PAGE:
Lee’s Summit Symphony from horse barn to Kauffman Center

rpulley@lsjournal.comJune 14, 2013 

  • More information The Lee's Summit Symphony ends its 10th anniversary year with a special concert – Celebration at the Kauffman Centerfor the Performing Arts at 8 p.m. June 15. Tickets, starting at $15, are available online, at the Kauffman Center, or call 816-994-7222. For information about this concert and the Symphony, visit http://www.lssymphony.org.

Russ Berlin expected the Lee’s Summit Symphony to be a success when he founded it with Phyllis Hamilton.

“We were very optimistic,” Berlin said. “The time was right.”

As a retired, longtime band and orchestra teacher in Lee’s Summit schools, at all grade levels, he knew there was a love for performing.

Even he was surprised after announcing the symphony’s launch in 2003 and 120 people showed up.

“We were just amazed at how many people came out for auditions,” Berlin said.

For the first concert, held in the show horse barn at Longview Farm, 90 musicians crowded onto the stage developer David Gale built for the concert.

Bob White, a longtime fan of the symphony and its board president, said he attended that concert and nearly every concert since.

He said in his opinion, the Lee’s Summit Symphony is a real value, presenting a high quality performance, allowing people to enjoy fine arts in their own community.

He said the concert at the Kauffman Center for the Performing Arts celebrating the symphony’s 10th anniversary is creating a lot of buzz. The opportunity enhances the symphony’s reputation, he said.

It is a premier facility White compared to playing Carnegie Hall. “It’s that impressive a place,” he said.

White said the symphony and the newer Summit Theatre Group are important aspects of Lee’s Summit life.

“All of the arts add a component that is essential if it’s going to grow and prosper,” White said. “Lee’s Summit has always been a good community, having these other opportunities for the community to enjoy makes the quality of life just that much better.”

Berlin continues as music director and conductor. Hamilton died in 2008.

Berlin said the symphony owes a lot to the music programs in Lee’s Summit schools, where many of the musicians had their first experience.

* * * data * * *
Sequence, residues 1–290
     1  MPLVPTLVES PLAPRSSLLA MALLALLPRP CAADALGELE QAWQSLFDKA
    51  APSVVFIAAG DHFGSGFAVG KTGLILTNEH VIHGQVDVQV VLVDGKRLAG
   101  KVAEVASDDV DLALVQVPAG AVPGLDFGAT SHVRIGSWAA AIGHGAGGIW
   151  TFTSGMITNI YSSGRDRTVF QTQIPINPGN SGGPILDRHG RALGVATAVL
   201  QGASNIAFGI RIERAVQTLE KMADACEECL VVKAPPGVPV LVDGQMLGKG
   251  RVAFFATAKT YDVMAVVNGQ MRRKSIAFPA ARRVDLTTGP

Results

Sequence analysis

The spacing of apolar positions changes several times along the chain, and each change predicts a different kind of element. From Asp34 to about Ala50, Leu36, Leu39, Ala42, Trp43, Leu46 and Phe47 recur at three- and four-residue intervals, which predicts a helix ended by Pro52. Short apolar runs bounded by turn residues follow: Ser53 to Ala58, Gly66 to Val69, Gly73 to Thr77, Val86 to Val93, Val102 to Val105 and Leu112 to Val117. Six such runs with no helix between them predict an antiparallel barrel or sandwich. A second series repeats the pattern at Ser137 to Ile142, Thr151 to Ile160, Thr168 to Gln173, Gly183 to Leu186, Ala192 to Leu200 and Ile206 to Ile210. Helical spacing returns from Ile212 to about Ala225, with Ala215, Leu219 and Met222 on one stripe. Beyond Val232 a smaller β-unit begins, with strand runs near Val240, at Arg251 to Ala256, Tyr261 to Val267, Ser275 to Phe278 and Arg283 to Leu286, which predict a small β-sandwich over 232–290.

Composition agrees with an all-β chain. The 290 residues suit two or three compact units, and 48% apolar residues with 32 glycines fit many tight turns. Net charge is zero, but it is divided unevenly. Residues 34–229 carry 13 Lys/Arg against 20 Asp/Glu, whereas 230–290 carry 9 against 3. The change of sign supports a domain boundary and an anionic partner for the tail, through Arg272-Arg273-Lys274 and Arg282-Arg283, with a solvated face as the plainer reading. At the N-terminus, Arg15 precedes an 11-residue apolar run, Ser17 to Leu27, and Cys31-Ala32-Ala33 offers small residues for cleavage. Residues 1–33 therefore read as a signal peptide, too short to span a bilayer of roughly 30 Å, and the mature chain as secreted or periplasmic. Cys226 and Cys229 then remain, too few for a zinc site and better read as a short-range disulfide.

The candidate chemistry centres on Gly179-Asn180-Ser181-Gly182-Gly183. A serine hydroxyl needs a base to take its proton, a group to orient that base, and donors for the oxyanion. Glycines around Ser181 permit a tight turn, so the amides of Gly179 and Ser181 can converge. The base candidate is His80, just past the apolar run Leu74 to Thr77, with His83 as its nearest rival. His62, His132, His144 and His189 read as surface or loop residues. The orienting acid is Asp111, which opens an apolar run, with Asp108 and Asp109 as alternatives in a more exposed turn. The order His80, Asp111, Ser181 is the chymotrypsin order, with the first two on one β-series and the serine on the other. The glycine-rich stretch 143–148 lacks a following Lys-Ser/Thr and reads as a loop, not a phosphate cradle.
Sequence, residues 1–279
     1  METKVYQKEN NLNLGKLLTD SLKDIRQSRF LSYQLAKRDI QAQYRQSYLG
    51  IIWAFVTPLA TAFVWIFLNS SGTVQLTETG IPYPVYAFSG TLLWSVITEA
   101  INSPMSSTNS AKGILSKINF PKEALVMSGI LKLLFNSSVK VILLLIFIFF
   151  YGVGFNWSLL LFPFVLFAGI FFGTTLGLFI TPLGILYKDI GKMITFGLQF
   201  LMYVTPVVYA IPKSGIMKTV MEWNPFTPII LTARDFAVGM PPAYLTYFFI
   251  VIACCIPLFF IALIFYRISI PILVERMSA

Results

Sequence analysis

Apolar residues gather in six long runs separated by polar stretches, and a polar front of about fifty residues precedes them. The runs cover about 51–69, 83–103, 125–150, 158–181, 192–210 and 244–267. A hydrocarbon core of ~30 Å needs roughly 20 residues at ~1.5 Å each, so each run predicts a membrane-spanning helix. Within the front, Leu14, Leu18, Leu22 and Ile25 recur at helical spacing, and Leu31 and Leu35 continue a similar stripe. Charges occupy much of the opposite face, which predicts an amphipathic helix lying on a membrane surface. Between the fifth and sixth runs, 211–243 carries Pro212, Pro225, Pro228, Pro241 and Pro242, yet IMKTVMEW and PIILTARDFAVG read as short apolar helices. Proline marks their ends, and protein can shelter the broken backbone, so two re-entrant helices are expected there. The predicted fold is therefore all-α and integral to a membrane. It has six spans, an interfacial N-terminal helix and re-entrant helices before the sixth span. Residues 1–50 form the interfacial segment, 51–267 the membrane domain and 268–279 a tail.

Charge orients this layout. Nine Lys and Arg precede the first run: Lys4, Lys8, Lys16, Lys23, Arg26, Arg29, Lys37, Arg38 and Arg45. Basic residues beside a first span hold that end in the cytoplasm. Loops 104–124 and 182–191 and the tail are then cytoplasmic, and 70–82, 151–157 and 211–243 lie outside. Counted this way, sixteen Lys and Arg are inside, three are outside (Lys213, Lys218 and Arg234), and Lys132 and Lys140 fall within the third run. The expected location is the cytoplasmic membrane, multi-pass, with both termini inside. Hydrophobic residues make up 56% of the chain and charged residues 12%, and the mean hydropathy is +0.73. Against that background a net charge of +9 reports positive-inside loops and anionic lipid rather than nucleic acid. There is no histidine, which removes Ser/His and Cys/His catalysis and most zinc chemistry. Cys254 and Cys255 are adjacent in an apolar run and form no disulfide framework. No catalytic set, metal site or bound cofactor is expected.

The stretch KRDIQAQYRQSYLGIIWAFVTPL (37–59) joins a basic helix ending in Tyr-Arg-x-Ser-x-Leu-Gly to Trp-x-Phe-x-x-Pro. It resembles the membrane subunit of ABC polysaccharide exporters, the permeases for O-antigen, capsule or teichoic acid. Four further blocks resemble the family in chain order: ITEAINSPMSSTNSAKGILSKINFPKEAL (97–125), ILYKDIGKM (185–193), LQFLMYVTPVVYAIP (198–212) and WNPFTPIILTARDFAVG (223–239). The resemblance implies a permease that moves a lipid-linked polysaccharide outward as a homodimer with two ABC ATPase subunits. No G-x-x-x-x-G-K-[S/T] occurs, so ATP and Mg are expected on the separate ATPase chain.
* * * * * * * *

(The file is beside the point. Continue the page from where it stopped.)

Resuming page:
Moreover, he said, the symphony would not be possible without many non-musician volunteers who work behind the scenes to raise funds and promote the concerts, such as John Claybaugh, a board member who also is an employee of St. Luke’s East Hospital, who secured sponsorship from the hospital to make the Kauffman concert possible.

The symphony’s performance will include a special piece called “Celebrate the Collective” written by a member, Karl Hayes, who plays oboe. He describes the work as a celebration of the orchestra’s maturing from birth to adult, composed of people from all walks of life, working to merge their experiences to produce perfect music.

Berlin said the symphony’s mission is to provide a venue for amateur musicians and professionals who love to play as well as concerts for Lee’s Summit.

“I think we’re one of the better community orchestras in the area,” he said.

Shannon Lawrence, once a student of Berlin’s in elementary school, is one of those musicians who joined the symphony at its first rehearsal. She plays French Horn and percussion.

She has a music studio where she gives lessons and leads a chorale. She said the symphony helps her stay sharp and stay ahead of her students.

When she joined the symphony 10 years ago, she’d been giving guitar and piano lessons, not playing her horn.

“I was so scared, I hadn’t played in so long,” Lawrence said. “I was terrible at first.” After practicing and practicing, the feel came back. Now she plays in a swing trio, for the Summit Theatre Group and other groups as well.

Lawrence said she’s grateful the symphony gives adults the same opportunity in music that Lee’s Summit provides for children.

“It’s enriched me personally,” Lawrence said. “Being involved with the talented folks in the symphony helped me be a better player and educator.”

Berlin recalls that first rehearsal too.

“Everybody was real excited,” Berlin said. “A lot of them hadn’t played for a few years

“You could tell from the smiles on their faces that they really missed it, and it just got better from there.”

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